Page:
I guess most people own at least one pair of shoes, and some people own other kinds of technology for mobility — such as bicycles or cars. Many many different kinds of technology exist, and owning each particular technology has a particular kind of significance. For example: owning a bicycle means that the owner values fitness, and also a particular kind of attitude towards nature and the natural environment experienced while riding a bicycle.
In this post, I wish to focus one particular kind of technology — namely “information and communications technology” (ICT). My late father, who was a quite well-known econometrician, was responsible for forecasting the economic conditions for a wide variety of technologies and / or economic sectors, and also quite specifically information and communications technology in particular. He would often comment about things like how it could be quite difficult to differentiate between what is a calculator and what is a computer. I guess there may very well be some people today who have never even seen a calculator, let alone things like a slide rule or an abacus.
Today, things that are usually classified as ICT come in a wide variety of shapes and forms (and “functionalities”). I don’t think I have ever seen a pen or pencil and paper classified as ICT (and I suspect they never will be, even though there have been quite a few handheld devices which included a stylus quite reminiscent of such writing utensils).
Rather than attempting to survey the vast plethora of technological gizmos in the present-day intricate multitude of ICT-space, I now wish to abruptly take 1 giant step back (of course without falling off a cliff 😉 ) to make a sweeping statement about owning any particular ICT gizmo — which will probably be quite general, but also (in my humble opinion) quite significant.
As you might perhaps be able to guess, I am at the moment writing this text using a keyboard (it’s a “wireless” gizmo which is “attached” via a USB thingamijig). I sit reclined in a comfy chair, watching my words appear on a screen usually classified as a “monitor”. At some point in time (probably later today, I will publish this text “ON TEH INTERNET” [as yet another chapter in my ongoing “Social Business” book project] ). One consequence of all of these steps is the more-or-less “finished” text you are reading right now.
Although it is not impossible to publish this text on a handheld device, it is so uncomfortable to do so that it is very impractical. This is (in case you didn’t already notice it) the significant difference between e.g. “smartphones” and “laptops” (and the space in between smartphones and laptops is actually somewhat of a battleground between the two philosophies of these two camps of ICT owners). Although the presence or absence of certain physical features (such as a keyboard and screen size) undoubtedly play significant roles, perhaps the most significant difference is the owner’s ability to control the installed software on the devices.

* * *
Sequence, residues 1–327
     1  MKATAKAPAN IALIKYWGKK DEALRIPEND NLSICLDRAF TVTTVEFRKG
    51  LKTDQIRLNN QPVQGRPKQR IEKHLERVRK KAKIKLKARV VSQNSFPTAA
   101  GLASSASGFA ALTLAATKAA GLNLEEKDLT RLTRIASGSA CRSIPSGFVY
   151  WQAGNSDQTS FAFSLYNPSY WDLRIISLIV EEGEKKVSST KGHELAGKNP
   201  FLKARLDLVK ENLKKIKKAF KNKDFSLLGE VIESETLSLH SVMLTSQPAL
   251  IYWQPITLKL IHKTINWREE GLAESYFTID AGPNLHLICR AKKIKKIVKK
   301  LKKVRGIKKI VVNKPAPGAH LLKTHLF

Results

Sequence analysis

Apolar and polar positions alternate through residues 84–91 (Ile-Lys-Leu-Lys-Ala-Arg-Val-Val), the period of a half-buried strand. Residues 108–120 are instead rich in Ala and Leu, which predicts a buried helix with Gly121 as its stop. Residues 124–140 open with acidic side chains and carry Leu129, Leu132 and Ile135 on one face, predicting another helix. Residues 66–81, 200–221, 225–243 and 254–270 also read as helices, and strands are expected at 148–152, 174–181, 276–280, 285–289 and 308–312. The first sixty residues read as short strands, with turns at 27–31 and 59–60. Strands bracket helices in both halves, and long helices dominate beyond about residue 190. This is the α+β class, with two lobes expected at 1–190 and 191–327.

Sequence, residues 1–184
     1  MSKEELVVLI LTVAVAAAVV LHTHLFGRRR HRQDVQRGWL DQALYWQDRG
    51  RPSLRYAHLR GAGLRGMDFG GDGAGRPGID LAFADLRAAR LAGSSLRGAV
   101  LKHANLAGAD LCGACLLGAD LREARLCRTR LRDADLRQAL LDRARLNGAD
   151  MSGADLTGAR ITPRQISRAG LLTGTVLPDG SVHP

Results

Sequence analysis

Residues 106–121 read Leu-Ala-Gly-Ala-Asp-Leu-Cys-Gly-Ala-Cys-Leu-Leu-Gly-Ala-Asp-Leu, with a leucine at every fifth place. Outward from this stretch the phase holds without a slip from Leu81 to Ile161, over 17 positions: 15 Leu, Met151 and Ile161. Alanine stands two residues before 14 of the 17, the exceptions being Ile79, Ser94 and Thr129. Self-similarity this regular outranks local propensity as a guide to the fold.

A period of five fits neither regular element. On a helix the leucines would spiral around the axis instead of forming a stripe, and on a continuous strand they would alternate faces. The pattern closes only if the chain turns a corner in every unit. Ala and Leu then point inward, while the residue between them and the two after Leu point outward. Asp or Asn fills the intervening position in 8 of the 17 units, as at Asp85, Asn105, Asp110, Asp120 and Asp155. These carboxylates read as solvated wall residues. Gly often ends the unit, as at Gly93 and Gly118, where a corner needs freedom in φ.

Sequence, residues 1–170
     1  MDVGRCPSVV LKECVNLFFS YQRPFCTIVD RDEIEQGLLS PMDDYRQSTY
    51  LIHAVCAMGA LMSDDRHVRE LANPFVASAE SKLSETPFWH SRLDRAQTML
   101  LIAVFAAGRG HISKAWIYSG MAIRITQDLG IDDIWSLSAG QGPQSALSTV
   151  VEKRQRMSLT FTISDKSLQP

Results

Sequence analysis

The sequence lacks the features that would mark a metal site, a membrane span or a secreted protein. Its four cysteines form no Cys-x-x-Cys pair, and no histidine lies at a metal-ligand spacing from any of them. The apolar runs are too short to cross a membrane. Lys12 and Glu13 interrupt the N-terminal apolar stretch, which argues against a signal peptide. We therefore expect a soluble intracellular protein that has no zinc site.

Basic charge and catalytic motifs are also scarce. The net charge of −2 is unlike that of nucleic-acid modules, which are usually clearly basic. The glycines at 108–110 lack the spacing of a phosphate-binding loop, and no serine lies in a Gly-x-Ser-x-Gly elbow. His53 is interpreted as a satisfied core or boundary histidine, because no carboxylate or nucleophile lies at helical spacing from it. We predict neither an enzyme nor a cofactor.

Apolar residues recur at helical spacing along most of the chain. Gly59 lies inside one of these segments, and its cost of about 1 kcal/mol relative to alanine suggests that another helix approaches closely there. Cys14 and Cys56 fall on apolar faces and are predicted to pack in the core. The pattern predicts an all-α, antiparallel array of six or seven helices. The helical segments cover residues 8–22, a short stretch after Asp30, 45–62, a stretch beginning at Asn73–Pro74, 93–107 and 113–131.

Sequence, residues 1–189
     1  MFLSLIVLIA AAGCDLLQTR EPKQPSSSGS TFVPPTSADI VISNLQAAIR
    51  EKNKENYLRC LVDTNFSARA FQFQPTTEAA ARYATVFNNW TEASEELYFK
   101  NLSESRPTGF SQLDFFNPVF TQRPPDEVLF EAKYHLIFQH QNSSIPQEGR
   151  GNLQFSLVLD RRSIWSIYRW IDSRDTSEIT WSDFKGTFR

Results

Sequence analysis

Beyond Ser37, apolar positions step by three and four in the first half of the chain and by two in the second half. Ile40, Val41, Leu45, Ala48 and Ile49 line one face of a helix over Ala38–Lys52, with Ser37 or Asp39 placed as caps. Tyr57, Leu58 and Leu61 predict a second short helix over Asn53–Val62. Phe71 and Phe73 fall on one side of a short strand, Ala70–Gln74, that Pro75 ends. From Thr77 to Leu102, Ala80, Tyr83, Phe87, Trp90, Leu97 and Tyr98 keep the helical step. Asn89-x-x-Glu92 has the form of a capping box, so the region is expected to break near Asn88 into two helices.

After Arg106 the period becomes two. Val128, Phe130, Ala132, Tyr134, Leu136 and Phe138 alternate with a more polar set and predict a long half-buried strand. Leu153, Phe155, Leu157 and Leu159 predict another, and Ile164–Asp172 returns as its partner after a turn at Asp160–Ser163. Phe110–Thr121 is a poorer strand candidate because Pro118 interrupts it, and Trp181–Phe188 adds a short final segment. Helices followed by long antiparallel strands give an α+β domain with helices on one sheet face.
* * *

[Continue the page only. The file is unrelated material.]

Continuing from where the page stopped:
In the smartphone camp, the owner’s ability to control the software is very limited. These are by and large “consumer” machines (which are used by and large in a fashion quite similar to the way old-fashioned television sets have been used by previous generations). In the “laptop” or “computer” camp, the ability to control the software is normally quite extensive (note that in the “battleground” area, the physical features may be more conducive to writing, yet the ability to control the software usually remains quite limited  ). In contrast to the consumer orientation of smartphones, laptops are by and large (at least capable of being) “producer” machines. This capability is something the owner generally actually pays for — whether with money or simply via their willingness to lug around a larger (and therfore more cumbersome) machine.
This distinction between “consumer” machines and “producer” machines can also be observed in so-called “cyberspace”. There are many “consumer” users of cyberspace who willingly accept and even almost hunger for “automatic” streams of data and being willing slaves to menu-driven programming. In contrast, the number of “producer” users is quite small … and perhaps they are so few and far between in large part because the literacy requirements are relatively difficult to acquire (these skills are generally — even in the most “technologically advanced” countries — not a part of a general primary education curriculum).